Americans will now get compensation for losses tied to one of the biggest data security failures ever.
Credit-reporting company Equifax has agreed to pick up the tab in a proposed deal with the Federal Trade Commission, Consumer Financial Protection Bureau and 50 states and territories to settle allegations that it did not implement sufficient security measures to protect its network. The settlement still must be approved by the U.S. District Court for the Northern District of Georgia.
The deal calls for Equifax to pay at least $575 million, including $300 million for free credit monitoring services, $175 million to states, the District of Columbia and Puerto Rico and $100 million in penalties to the CFPB.
The company could be forced to pay another $125 million if the initial amount is not enough to cover consumers’ losses, bringing the total tab to up to $700 million.
Equifax is accused of failing to adequately patch a security flaw that enabled hackers to swipe about 147 million names and dates of birth, 145.5 million Social Security numbers and 209,000 payment card numbers and expiration dates in 2017.
The FTC also said Equifax had stored network credentials and passwords, Social Security numbers and other consumer data in plain text files, which makes them more susceptible to criminal activity.
Freezing your credit is free: Law goes into effect following Equifax breach
“This settlement requires that the company take steps to improve its data security going forward, and will ensure that consumers harmed by this breach can receive help protecting themselves from identity theft and fraud,” FTC Chairman Joe Simons said in a statement.
As part of the deal, the company must also implement internal measures to ensure it has adequate security systems and protocol.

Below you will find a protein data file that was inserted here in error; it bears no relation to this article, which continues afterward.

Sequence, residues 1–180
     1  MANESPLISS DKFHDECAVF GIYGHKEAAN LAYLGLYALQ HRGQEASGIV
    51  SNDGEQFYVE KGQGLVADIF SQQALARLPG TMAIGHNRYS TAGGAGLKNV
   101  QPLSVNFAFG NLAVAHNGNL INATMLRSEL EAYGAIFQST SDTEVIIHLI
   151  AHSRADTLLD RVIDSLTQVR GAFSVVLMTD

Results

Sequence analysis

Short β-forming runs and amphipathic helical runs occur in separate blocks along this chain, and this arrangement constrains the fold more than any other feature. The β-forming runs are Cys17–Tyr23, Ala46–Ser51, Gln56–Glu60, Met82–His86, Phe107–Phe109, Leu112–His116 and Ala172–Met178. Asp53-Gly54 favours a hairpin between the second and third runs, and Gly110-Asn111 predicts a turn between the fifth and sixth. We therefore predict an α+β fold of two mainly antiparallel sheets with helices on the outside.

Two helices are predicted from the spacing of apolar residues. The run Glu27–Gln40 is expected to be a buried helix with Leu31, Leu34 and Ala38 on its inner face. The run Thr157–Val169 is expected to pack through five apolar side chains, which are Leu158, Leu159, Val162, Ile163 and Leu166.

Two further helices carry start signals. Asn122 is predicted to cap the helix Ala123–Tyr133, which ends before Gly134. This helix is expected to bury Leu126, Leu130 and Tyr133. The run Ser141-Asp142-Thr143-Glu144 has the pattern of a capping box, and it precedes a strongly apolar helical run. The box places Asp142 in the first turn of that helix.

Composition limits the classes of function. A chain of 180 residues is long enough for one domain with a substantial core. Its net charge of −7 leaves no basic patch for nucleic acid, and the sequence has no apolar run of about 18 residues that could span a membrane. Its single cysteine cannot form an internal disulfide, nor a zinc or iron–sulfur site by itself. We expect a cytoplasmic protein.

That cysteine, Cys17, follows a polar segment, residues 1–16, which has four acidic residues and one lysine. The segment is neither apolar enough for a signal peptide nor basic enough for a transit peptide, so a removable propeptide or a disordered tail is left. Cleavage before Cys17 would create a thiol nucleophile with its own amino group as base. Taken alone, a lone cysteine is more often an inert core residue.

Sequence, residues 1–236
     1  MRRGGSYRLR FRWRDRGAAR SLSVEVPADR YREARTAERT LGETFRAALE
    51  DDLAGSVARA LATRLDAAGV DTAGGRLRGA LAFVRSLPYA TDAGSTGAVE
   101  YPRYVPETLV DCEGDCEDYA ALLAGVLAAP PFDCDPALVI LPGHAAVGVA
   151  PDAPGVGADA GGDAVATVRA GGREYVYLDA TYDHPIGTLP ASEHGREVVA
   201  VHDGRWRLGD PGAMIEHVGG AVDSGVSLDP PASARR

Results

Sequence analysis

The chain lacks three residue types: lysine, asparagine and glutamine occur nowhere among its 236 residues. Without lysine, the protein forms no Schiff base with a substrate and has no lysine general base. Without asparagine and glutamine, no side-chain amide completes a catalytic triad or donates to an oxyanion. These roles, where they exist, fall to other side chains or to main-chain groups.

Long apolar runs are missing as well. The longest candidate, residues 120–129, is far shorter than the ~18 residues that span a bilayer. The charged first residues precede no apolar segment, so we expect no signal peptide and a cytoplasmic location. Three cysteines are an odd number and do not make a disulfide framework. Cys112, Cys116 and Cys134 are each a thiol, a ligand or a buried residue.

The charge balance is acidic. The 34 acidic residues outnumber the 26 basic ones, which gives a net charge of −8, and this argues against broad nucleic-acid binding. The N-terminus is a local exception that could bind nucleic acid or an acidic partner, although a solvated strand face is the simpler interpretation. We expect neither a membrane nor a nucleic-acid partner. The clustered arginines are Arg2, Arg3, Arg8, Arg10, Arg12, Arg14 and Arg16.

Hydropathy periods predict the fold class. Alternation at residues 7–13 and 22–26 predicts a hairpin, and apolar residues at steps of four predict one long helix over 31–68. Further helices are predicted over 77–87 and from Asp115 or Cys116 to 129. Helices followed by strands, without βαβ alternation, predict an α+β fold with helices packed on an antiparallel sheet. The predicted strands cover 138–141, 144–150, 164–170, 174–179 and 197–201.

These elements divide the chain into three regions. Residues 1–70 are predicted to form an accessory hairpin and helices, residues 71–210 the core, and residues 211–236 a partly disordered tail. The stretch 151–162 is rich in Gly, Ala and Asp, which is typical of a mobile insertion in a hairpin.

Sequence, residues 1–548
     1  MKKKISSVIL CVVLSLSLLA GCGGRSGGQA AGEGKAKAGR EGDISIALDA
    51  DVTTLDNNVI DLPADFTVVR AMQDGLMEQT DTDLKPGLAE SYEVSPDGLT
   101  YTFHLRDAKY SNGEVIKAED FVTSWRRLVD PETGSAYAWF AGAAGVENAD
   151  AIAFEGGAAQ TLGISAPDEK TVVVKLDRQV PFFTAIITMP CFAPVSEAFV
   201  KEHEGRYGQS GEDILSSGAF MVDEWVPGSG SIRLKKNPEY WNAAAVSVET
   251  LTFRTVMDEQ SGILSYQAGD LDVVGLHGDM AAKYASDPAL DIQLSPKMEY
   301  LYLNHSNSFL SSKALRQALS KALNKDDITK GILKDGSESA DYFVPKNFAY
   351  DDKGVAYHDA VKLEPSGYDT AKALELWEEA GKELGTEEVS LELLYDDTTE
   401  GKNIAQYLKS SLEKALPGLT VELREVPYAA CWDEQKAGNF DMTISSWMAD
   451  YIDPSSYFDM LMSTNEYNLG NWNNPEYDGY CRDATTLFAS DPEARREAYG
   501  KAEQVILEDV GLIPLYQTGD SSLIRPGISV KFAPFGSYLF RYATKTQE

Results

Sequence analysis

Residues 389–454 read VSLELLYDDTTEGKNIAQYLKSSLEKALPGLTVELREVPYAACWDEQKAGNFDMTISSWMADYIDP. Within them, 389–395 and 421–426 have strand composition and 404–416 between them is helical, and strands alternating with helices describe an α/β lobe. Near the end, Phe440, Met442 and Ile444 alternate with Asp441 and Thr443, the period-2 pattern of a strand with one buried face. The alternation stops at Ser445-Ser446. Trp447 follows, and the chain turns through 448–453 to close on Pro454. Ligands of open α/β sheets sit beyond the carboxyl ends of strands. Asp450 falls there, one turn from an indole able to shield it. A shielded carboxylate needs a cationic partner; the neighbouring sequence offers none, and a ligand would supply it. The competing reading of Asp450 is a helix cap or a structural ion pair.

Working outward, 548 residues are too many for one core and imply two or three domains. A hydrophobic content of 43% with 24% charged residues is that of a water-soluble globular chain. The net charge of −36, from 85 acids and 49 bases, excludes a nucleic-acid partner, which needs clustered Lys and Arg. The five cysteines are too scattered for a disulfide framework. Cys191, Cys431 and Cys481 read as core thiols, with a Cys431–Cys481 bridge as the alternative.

“This comprehensive settlement is a positive step for U.S. consumers and Equifax as we move forward from the 2017 cybersecurity incident and focus on our transformation investments in technology and security as a leading data, analytics, and technology company,” Equifax CEO Mark W. Begor said in a statement.
What you can get
Depending on how you were affected by the breach, you could be eligible for several types of compensation under the proposed settlement.
Starting in 2020, all U.S. consumers will be entitled to six free Equifax credit reports each year for seven years. This can help you to monitor for any suspicious activity. All Americans are entitled to get free identity theft recovery services for seven years.
If you were affected by the breach, you can get up to 10 years of free credit monitoring of your three credit reports at Experian, TransUnion and Equifax by an independent third-party service that will be determined by the court. Or, you can receive $125 if you already have a credit monitoring service and won’t enroll in the free one.
If you spent time or money dealing with an ID theft issue that occurred after the hack and involved personal data that was exposed by the breach, you can get compensated up to $20,000 per person. You can be reimbursed for the following:
- Losses from unauthorized charges on your accounts
- Cost of freezing or unfreezing your credit report
- Cost of credit monitoring
- Fees you paid to professionals like an accountant or attorney
- Other expenses like notary fees, document shipping fees and postage, mileage, and phone charges
You’re also eligible to get $25 per hour for time spent dealing with the breach’s aftermath, up to 20 hours. For the first 10 hours, you just need to certify that you spent this time. For the additional 10 hours, you may need to provide documentation.
The claims process will open up after the settlement is approved by the court. In the meantime, it’s best to gather documents, emails, receipts and other information to support your claim. You can find more information on the FTC’s website.
Contributing: Janna Herron
Follow USA TODAY reporter Nathan Bomey on Twitter @NathanBomey.